Correlation is another way to determine how two variables are related. In addition to telling you whether variables are positively or inversely related, correlation also tells you the degree to which the variables tend to move together.

Let’s calculate Covariance and Correlation with Python!

#Result of Covariance
[[0.04746545 0.06750151]
[0.06750151 0.15957442]]
  • The covariance between the two variables is 0.06750151. We can see that it is positive, suggesting the variables change in the same direction as we expect.
Pearsons correlation: 0.77561
  • We can see that the two variables are positively correlated and that the correlation is 0.775. This suggests a high level of correlation, e.g. a value above 0.5 and close to 1.0.

So, By looking at our Scatter Diagram, What can we say about these two variables?

- The plot shows a positive correlation between Subjectivity and Polarity.

Meaning, as subjectivity increase, the polarity in the response increase too, Or in other words, the more strong feelings are expressed, the more the overall comment is subjective.



The polarity distribution describes all the values of the variable Polarity within a given range. This range will be bounded between the minimum and maximum possible values (-1 to +1 in our case). By looking at the distribution we can identify how the polarity is distributed among clients and key factors as mean, median and standard deviation.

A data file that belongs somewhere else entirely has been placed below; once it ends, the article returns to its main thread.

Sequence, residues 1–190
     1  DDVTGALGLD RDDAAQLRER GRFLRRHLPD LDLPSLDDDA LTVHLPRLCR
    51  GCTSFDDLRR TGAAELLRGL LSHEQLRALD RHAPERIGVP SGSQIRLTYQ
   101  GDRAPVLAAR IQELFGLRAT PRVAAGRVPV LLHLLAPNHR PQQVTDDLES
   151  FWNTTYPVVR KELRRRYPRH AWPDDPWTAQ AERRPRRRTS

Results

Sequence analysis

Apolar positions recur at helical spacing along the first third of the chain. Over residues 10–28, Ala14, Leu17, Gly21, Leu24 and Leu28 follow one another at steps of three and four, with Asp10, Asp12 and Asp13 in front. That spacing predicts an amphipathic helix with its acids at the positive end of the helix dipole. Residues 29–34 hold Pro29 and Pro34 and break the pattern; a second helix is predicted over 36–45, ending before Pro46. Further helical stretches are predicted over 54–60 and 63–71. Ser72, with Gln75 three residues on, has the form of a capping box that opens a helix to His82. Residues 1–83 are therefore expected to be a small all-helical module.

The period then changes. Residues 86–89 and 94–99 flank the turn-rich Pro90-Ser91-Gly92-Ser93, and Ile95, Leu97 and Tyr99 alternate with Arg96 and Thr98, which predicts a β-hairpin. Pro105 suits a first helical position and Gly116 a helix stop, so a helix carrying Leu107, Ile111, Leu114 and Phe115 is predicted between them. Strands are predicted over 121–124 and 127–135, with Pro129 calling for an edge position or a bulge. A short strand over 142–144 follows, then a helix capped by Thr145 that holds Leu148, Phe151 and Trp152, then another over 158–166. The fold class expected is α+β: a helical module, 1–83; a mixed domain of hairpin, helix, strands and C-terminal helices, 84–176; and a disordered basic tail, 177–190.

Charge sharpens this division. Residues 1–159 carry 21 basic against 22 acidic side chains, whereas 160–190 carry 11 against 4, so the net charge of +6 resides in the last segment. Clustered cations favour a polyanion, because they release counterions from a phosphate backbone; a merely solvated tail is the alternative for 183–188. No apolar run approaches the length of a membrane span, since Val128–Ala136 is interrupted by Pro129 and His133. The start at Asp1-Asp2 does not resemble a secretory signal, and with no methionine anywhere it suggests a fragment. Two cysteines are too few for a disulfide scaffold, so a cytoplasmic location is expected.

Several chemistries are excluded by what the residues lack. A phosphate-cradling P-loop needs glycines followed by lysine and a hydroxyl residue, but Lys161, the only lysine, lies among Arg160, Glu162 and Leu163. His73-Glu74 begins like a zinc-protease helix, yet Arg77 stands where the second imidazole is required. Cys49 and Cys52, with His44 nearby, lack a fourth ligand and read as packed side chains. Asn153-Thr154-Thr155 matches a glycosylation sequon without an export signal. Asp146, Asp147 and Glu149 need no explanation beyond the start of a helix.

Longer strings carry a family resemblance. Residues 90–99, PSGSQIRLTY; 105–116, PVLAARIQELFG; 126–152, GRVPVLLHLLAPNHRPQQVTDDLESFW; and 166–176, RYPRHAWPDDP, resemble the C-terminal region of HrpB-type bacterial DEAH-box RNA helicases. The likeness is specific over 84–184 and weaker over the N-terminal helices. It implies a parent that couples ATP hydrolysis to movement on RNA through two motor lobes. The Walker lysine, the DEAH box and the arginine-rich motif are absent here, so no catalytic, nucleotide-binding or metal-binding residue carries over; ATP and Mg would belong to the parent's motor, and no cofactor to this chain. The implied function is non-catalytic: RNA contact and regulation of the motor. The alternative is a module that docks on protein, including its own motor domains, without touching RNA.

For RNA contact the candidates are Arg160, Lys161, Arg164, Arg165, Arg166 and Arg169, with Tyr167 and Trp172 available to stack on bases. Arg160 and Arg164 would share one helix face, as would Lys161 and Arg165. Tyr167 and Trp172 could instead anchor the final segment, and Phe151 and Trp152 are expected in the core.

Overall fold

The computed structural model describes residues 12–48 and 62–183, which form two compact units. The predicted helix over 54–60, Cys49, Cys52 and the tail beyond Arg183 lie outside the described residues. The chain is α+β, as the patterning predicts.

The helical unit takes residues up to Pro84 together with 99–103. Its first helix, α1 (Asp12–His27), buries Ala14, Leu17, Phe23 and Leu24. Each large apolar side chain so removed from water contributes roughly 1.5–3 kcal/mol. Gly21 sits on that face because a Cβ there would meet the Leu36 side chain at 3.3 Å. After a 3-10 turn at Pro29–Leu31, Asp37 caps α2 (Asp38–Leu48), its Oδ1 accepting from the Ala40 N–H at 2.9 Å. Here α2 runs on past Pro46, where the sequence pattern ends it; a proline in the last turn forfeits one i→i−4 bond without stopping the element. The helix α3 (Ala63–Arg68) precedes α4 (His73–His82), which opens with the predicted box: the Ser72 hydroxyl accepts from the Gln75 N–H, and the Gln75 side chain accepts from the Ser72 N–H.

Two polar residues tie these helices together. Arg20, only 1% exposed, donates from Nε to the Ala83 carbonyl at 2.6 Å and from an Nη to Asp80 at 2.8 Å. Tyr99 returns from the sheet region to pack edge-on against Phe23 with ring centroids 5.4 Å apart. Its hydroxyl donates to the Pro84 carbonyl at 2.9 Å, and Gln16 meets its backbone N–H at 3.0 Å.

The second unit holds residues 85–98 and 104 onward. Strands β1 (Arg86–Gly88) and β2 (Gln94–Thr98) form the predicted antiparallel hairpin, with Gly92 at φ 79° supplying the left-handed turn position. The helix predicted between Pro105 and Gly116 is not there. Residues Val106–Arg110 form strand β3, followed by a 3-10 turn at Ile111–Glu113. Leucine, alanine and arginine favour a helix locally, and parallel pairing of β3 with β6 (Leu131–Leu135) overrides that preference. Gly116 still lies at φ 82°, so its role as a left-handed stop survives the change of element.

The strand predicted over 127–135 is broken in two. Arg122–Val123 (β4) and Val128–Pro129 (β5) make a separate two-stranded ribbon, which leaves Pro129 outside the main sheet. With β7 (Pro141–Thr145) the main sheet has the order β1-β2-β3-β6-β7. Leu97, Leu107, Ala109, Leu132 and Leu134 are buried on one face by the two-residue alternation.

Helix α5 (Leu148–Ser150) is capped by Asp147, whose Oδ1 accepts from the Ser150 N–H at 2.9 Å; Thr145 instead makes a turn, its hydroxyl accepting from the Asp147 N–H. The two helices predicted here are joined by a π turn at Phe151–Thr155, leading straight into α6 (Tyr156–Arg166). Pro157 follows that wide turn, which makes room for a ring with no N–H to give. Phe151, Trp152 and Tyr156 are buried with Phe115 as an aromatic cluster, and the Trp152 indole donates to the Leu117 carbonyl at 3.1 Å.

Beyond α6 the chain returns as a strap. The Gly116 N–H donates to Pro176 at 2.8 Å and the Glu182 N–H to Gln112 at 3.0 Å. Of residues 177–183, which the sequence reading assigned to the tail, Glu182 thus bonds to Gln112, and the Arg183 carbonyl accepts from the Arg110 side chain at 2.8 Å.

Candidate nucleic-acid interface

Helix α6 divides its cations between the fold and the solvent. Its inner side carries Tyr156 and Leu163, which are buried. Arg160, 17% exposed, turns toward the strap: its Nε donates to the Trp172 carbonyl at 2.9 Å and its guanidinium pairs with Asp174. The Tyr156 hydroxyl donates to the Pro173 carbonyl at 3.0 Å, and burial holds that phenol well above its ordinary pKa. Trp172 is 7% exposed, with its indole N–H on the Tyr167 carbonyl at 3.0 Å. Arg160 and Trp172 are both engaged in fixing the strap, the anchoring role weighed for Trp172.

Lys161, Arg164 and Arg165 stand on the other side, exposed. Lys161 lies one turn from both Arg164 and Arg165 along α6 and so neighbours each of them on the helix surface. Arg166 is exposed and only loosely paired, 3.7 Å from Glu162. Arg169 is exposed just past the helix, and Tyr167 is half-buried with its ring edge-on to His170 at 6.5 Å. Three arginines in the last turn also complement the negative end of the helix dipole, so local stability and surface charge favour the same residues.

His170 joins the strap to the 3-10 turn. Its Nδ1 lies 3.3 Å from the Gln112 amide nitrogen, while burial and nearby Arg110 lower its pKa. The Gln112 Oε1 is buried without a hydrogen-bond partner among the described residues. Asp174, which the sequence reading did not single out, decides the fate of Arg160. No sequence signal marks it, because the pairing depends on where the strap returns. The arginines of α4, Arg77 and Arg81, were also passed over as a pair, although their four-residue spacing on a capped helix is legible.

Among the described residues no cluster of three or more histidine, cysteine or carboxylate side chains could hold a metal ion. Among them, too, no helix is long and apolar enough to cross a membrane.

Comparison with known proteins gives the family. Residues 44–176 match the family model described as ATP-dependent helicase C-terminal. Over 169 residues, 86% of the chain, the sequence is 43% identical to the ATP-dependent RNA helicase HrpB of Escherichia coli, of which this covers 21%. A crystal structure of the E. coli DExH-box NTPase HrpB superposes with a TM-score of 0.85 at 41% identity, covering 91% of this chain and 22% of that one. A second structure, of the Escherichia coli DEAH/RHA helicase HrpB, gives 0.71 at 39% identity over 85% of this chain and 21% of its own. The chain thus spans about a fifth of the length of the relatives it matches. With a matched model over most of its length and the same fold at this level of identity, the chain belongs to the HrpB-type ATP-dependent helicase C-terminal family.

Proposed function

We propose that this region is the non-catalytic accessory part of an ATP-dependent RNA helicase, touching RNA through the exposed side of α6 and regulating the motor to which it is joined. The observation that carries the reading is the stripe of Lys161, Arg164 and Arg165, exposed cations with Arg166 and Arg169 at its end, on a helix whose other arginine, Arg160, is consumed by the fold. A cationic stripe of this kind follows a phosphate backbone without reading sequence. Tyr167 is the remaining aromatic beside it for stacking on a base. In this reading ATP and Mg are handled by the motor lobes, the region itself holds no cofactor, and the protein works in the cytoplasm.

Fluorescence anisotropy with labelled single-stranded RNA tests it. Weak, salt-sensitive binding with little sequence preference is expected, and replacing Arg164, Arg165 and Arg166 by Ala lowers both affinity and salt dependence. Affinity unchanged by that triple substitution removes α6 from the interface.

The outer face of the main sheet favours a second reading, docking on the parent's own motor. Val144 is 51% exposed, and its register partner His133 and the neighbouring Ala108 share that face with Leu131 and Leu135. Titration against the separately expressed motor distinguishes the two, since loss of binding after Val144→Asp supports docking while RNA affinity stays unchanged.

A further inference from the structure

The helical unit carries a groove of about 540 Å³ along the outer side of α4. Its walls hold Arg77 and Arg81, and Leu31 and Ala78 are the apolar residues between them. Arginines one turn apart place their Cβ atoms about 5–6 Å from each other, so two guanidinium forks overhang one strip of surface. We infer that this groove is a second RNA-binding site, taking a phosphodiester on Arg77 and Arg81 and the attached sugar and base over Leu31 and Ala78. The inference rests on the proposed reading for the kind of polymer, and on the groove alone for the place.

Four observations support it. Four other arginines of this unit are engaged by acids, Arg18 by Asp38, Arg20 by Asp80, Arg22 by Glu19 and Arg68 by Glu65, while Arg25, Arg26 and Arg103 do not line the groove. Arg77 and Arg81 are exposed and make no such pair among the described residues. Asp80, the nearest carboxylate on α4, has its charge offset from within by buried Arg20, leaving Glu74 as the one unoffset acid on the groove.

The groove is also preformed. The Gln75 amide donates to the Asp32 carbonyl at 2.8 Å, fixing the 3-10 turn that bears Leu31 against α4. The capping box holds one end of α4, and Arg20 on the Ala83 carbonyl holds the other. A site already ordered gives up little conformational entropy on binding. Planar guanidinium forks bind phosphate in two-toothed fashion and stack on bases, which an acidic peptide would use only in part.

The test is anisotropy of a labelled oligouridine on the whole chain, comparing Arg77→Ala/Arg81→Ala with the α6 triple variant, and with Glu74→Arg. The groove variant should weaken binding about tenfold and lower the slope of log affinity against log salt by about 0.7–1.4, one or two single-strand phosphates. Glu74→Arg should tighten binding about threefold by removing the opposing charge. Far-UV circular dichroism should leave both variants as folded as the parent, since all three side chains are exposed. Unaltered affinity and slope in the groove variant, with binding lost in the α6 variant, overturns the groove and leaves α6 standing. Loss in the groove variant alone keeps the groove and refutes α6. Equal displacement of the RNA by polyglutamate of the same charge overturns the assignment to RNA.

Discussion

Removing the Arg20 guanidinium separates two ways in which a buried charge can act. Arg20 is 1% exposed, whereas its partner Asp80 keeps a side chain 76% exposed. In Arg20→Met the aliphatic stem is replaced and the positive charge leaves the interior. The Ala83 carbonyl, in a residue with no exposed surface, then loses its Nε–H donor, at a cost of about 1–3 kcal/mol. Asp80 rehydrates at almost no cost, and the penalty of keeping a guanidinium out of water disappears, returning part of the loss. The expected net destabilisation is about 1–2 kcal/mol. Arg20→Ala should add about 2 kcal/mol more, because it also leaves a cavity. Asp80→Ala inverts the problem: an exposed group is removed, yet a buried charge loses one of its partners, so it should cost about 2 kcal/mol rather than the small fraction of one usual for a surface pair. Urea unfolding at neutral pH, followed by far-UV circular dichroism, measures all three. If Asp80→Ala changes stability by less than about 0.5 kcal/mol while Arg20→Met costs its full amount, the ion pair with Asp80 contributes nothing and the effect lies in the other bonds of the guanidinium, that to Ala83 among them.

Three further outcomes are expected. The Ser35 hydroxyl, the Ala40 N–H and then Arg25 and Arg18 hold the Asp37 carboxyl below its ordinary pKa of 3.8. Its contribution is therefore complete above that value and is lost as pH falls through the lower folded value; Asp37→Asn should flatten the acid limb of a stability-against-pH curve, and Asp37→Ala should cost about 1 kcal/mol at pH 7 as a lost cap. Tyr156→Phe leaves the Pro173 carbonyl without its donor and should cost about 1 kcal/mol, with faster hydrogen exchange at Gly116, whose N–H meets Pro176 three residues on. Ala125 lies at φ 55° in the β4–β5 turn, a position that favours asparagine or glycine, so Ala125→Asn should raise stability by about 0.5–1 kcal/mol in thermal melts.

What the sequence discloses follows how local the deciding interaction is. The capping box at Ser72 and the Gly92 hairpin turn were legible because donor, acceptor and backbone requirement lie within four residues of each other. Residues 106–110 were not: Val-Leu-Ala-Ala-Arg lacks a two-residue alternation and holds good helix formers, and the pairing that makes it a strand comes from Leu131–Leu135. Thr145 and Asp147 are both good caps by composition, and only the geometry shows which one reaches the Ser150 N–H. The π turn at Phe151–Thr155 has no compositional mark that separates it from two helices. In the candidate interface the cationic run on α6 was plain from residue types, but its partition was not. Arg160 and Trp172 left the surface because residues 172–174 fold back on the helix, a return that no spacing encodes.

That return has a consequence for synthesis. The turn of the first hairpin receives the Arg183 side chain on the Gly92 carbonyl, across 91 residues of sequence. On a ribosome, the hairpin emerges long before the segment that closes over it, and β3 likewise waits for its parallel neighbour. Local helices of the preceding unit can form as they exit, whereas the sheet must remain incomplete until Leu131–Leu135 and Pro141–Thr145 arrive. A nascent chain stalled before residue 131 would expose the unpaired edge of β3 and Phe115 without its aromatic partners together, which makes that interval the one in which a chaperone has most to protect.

Most commonly distribution is Normal Distribution or “Bell Curve”.The important thing to note about a normal distribution is the curve is concentrated in the center and decreases on either side.

Polarity Distribution

Here’s how to enable the density curve on it.

Polarity Density Curve


Frequently we want to know which words are the most common from survey s since we are looking for some patterns. Given the data set, we can find k number of most frequent words with Natural Language Processing (NLP) using Python.

In natural language processing, useless words (data), are referred to as Stop Words: A stop word is a commonly used word (such as “the”, “a”, “an”, “in”) that a search engine has been programmed to ignore, both when indexing entries for searching and when retrieving them as the result of a search query. So, We’ve generated 10 most commonly used words in our survey.